Suffrage and escaping the hangman
To celebrate the 100th anniversary of female suffrage, society ladies Elizabeth Hilton Charlton (1861-1912) and Luela “Lulu” Belnap (1867-1940), played by actors Diane Pingle and Ellyn Levell, told the stories of founding the 19th Century Club and the Oak Park-River Forest Day Nursery.
“Club ladies are hard to resist,” said Pingle, smiling and offering tea. “We defeated bitter opponents to women’s suffrage,” she said. Charlton, who died in 1912 didn’t live to see the day when women could vote for president, Pingle said.
Actor, critic and historian Doug Deuchler played Haymarket agitator Michael Schwab, who escaped the hangman’s noose by proving he was miles away from the riot and explosions of May 6, 1886. His co-defendants, August Spies, Adolph Fischer, Albert Parsons, George Engle, Louis Lingg and Oscar Neebe, did not survive. Schwab still went to prison but was later pardoned by Gov. John P. Altgeld in 1893, though by then his health had deteriorated, Deuchler said.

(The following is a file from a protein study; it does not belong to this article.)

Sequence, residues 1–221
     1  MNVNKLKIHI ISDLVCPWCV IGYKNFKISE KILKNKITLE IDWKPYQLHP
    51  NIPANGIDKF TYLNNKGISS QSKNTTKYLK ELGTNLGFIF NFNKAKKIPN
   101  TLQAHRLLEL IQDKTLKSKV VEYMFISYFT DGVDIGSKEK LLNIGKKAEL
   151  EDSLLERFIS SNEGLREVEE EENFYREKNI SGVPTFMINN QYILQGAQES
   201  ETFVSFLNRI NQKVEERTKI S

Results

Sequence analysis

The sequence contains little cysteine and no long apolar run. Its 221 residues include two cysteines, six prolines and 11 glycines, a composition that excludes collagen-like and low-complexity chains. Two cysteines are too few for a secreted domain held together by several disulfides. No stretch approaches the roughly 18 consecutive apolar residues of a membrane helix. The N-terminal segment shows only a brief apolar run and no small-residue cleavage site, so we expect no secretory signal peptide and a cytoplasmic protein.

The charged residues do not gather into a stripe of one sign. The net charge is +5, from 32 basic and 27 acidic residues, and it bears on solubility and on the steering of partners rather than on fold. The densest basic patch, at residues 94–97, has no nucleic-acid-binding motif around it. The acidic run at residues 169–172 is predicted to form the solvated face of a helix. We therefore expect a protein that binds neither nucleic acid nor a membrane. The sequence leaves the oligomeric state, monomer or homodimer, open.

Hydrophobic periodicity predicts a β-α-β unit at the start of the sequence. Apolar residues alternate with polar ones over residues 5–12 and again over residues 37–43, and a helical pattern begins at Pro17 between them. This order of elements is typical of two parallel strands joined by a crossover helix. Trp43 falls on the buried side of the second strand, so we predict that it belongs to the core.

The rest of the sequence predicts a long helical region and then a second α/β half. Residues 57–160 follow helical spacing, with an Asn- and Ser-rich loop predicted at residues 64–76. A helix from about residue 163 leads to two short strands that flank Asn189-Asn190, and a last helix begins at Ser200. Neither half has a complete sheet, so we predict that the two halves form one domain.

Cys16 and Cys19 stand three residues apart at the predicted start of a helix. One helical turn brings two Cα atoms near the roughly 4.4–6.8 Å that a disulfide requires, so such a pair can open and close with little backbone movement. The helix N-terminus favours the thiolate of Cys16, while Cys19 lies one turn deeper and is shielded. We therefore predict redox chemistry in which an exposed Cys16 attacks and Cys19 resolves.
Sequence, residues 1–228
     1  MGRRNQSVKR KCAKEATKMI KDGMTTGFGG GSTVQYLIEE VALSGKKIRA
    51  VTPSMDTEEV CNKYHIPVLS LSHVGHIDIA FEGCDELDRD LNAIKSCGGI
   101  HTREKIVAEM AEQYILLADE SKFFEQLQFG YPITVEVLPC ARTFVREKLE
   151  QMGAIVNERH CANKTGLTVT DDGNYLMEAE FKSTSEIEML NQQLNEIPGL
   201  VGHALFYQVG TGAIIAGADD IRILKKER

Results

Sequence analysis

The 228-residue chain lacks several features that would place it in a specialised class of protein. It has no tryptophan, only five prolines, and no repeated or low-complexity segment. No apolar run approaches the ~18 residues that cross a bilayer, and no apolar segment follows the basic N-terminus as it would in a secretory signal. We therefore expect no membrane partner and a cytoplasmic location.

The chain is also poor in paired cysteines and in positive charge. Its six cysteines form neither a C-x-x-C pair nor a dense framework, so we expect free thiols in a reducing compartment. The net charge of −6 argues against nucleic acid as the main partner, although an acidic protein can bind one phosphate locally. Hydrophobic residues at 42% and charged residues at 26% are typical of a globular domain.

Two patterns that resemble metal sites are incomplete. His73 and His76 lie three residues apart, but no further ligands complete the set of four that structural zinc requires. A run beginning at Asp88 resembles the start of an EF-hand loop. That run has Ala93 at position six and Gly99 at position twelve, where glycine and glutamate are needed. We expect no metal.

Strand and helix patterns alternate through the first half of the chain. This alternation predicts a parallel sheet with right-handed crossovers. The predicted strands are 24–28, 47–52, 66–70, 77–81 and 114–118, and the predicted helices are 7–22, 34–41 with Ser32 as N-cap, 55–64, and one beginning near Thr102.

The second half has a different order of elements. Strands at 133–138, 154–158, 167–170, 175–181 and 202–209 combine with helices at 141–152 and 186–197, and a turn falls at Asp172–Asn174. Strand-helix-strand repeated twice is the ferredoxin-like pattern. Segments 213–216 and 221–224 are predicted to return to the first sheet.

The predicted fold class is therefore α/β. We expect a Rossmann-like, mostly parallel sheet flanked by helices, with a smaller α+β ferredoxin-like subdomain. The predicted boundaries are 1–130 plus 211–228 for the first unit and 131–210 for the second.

Iroquois fire bystander becomes volunteer
Episcopal Bishop Rev. Samuel Fallows (1835-1922), played by actor Mike Stewart, said he was casually walking on Randolph Street, Dec. 30, 1903, when he encountered the burning ruins of the Iroquois Theater fire and heard a cry for volunteers to help with the rescue and removal of the dead.
Five-hundred and seventy five people, mostly women and children, died when a fire swept through the theater at a holiday matinee of the musical “Mr. Bluebeard,” starring Eddie Foy.
“I had seen the gory fields of the Civil War, but nothing prepared me for this horrible scene,” the bishop said.
Fallows penned the introduction of a history of the fire, which called for panic bars, outward swinging doors, marked clear exits and the elimination of standing room. Fire-safety reform laws were implemented all over the world, said actress Lee Conte, playing the bishop’s wife, Lucy Huntington Fallows.
“Someone has to survive to tell the story of those who didn’t,” Conte said.